The unions and their allies have set up the budget battle in Wisconsin as nothing less than a struggle for the fate of democracy itself. Ann Althouse picked that up during her reporting in Madison over the weekend, while taking pictures of the trash the union protesters had left piled up around a veterans memorial:
A woman who does not have a Wisconsin accent noses in to tell me I’m “rude” to take pictures.
I say: “Let me ask you a question about ‘rudeness.’ This is a Veterans Memorial, for people who died in the war. These are all things…”
The rudeness expert interrupts me: “They do things for democracy, which is what we’re trying to save right now.”
Blogger Keith Olbermann sees the unions’ role in American life as similarly vital, when in an insufferably long-winded post he describes collective bargaining for public employees “one of the arch stones of democracy.” Isn’t it funny, that running away from votes is now saving democracy, when allowing a vote would amount to killing democracy. And funnier, if the ability of government workers to engage in collective bargaining is such a fundamental part of democracy, the Constitution is strangely silent on it, and the federal government is downright hostile to it. Kimberly Strassel wrote a great piece about the gap between what government unions can do at the local and state level versus what they can’t do at the federal level. It’s a big gap.
Fact: President Obama is the boss of a civil work force that numbers up to two million (excluding postal workers and uniformed military). Fact: Those federal workers cannot bargain for wages or benefits. Fact: Washington, D.C. is, in the purest sense, a “right to work zone.” Federal employees are not compelled to join a union, nor to pay union dues. Fact: Neither Mr. Obama, nor the prior Democratic majority, ever acted to give their union chums a better federal deal.
Scott Walker, eat your heart out.
For this enormous flexibility in managing his work force, Mr. Obama can thank his own party. In 1978, Democratic President Jimmy Carter, backed by a Democratic Congress, passed the Civil Service Reform Act. Washington had already established its General Schedule (GS) classification and pay system for workers. The 1978 bill went further, focused as it was on worker accountability and performance. It severely proscribed the issues over which employees could bargain, as well as prohibited compulsory union support.
Olbermann and the unions have engaged in an act of substitution. When they say “saving democracy” or “arch stone of democracy,” the words “Democratic Party” should really apply. They’re trying to save the unions as an arch stone of the Democratic Party’s current fund raising system.
Just take a look at this map of right-to-work states vs forced unionization states. Right-to-work states have become harder and harder for Democrats to win in recent years, while Republicans have become gradually more competitive in the unionization states, such as Wisconsin. And take a look at this chart I posted on Friday, showing just how gaudy the major unions’ political spending is. I’m not suggesting an only cause here, that right-to-work = GOP majority — the fact is, the Democrats have moved farther left over the years on national security, economic and social policy, and that’s certainly the most important factor in where they are and aren’t competitive. But I think there is a linkage here.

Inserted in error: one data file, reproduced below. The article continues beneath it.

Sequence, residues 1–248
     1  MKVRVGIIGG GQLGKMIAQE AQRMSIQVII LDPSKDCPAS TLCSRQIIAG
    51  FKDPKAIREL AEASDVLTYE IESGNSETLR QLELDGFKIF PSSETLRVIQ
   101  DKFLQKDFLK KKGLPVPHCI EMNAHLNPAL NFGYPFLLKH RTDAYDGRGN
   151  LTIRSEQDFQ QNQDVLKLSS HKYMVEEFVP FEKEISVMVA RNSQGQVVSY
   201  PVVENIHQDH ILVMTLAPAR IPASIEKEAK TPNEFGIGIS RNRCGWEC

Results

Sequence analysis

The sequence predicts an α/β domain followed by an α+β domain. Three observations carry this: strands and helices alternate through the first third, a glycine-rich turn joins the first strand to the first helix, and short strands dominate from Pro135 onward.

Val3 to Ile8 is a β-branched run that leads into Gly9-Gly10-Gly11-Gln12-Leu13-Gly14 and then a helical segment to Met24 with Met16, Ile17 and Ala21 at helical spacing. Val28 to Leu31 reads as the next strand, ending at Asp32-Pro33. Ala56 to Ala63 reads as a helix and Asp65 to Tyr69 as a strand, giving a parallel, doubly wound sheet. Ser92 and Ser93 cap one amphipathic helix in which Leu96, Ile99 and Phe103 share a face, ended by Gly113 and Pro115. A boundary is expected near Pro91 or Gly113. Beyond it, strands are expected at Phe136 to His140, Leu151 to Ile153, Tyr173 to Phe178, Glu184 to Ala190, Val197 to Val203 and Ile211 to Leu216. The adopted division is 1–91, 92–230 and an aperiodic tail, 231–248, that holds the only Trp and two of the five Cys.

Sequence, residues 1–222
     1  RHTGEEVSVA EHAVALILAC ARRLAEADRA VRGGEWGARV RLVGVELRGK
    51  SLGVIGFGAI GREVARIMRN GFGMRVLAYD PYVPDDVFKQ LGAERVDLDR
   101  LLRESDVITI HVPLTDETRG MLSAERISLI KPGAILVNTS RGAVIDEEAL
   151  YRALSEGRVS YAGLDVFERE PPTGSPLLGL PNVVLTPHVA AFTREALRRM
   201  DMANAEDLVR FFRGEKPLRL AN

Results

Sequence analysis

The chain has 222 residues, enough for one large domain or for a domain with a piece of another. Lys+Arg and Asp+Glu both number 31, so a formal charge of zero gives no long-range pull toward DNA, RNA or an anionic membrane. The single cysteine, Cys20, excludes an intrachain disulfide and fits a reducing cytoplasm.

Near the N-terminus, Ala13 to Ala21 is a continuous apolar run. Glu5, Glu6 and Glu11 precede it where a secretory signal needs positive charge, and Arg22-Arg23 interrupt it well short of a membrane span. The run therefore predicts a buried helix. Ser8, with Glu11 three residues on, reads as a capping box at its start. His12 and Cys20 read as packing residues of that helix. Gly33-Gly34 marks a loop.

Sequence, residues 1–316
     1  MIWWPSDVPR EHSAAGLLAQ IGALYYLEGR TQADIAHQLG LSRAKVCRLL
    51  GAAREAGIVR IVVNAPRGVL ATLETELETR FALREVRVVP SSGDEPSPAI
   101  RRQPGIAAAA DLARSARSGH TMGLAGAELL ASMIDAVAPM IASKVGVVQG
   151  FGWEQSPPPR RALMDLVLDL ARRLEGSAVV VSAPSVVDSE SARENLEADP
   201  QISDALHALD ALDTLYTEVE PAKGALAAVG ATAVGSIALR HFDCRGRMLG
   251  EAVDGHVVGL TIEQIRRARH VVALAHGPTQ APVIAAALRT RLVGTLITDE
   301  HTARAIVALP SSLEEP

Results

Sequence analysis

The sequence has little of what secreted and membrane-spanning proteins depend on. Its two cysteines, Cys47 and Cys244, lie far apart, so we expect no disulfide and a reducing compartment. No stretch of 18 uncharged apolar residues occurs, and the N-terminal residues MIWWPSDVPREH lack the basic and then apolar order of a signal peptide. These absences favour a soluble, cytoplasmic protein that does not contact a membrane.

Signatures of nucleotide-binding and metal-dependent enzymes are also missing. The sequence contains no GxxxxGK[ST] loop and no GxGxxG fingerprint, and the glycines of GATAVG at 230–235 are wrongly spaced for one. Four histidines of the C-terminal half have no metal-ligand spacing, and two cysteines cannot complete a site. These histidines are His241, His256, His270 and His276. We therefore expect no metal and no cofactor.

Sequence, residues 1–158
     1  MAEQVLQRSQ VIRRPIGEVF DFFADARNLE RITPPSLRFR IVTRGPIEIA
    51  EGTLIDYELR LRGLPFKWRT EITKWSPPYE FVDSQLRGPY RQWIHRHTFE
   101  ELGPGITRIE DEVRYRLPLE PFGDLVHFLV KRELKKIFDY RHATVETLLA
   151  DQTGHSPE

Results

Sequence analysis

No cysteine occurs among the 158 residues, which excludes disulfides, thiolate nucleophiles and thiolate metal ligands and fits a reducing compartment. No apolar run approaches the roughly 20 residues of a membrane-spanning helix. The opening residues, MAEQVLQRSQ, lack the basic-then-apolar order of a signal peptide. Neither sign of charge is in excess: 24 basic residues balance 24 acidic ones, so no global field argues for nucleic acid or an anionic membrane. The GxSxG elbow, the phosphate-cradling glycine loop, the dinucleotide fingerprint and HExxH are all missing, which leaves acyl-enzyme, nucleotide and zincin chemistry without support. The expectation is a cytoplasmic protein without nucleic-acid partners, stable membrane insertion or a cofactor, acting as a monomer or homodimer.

To take one example, the National Education Association, aka the teachers’ union, enjoys the benefits of forced unionization wherever it can, and is about to double the member dues contribution to its political donating. They’re doing this both to cover recent budget shortfalls — thanks in part to the millions NEA spends to elect Democrats — and to make NEA an even larger player in Democratic politics. But the vast majority of that money ultimately comes from the taxpayers who pay the teachers’ salaries. And in many places, those union dues are taken out of teachers’ hands as payroll deductions before they ever get their paychecks, so the teachers never see the money the taxpayers approved for them. They’re forced to join the union or see their careers limited, they’re paying the union dues before they get paid themselves, and then the union turns around and uses their money to support politicians and causes that the teachers themselves may not actually support.
Going back to the chart linked above, NEA is a three-donkey organization, meaning their political leanings bury the needle on the Dem side. They don’t hedge their bets; they bet left every time. What happens to NEA if it’s suddenly a lot less relevant to the nation’s teachers, who are no longer forced to join, and who no longer need the union for collective bargaining? NEA and the DNC both evidently find this prospect terrifying.
So terrifying that, indirectly, they’re forcing taxpayers to foot some of the bill for the Wisconsin walkout:
Four Democrats who were reached by The Associated Press said none of their daily expenses would be charged to taxpayers, and none will accept any per diem funds. [State Sen. Chris] Larson did say his hotel room Monday was paid for by the State Senate Democratic Campaign. He said the group might pay for more nights depending on how long he stays.
Where does the State Senate Democratic Campaign get its money? It’s a fair bet that at least some of that money comes from the government unions, like the NEA, whose funds ultimately come from taxpayers. It’s certain that 13 of the 14 walkabout Democrats cannot afford not to do whatever the unions demand.